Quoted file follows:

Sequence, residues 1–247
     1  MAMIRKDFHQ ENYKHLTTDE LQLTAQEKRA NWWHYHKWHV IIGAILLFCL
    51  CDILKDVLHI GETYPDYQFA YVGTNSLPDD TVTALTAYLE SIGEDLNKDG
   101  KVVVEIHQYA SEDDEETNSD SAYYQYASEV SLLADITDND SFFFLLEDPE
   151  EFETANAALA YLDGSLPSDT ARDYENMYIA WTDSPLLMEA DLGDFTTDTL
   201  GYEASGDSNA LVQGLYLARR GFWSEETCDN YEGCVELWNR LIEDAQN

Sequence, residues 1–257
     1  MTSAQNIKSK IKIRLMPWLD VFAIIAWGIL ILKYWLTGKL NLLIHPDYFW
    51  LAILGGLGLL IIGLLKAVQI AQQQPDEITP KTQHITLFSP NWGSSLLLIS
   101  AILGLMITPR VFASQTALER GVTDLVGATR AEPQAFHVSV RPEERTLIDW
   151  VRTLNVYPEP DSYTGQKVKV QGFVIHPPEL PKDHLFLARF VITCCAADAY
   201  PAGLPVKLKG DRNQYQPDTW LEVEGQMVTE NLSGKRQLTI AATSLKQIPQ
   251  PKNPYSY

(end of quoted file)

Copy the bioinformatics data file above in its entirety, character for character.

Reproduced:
Sequence, residues 1–247
     1  MAMIRKDFHQ ENYKHLTTDE LQLTAQEKRA NWWHYHKWHV IIGAILLFCL
    51  CDILKDVLHI GETYPDYQFA YVGTNSLPDD TVTALTAYLE SIGEDLNKDG
   101  KVVVEIHQYA SEDDEETNSD SAYYQYASEV SLLADITDND SFFFLLEDPE
   151  EFETANAALA YLDGSLPSDT ARDYENMYIA WTDSPLLMEA DLGDFTTDTL
   201  GYEASGDSNA LVQGLYLARR GFWSEETCDN YEGCVELWNR LIEDAQN

Sequence, residues 1–257
     1  MTSAQNIKSK IKIRLMPWLD VFAIIAWGIL ILKYWLTGKL NLLIHPDYFW
    51  LAILGGLGLL IIGLLKAVQI AQQQPDEITP KTQHITLFSP NWGSSLLLIS
   101  AILGLMITPR VFASQTALER GVTDLVGATR AEPQAFHVSV RPEERTLIDW
   151  VRTLNVYPEP DSYTGQKVKV QGFVIHPPEL PKDHLFLARF VITCCAADAY
   201  PAGLPVKLKG DRNQYQPDTW LEVEGQMVTE NLSGKRQLTI AATSLKQIPQ
   251  PKNPYSY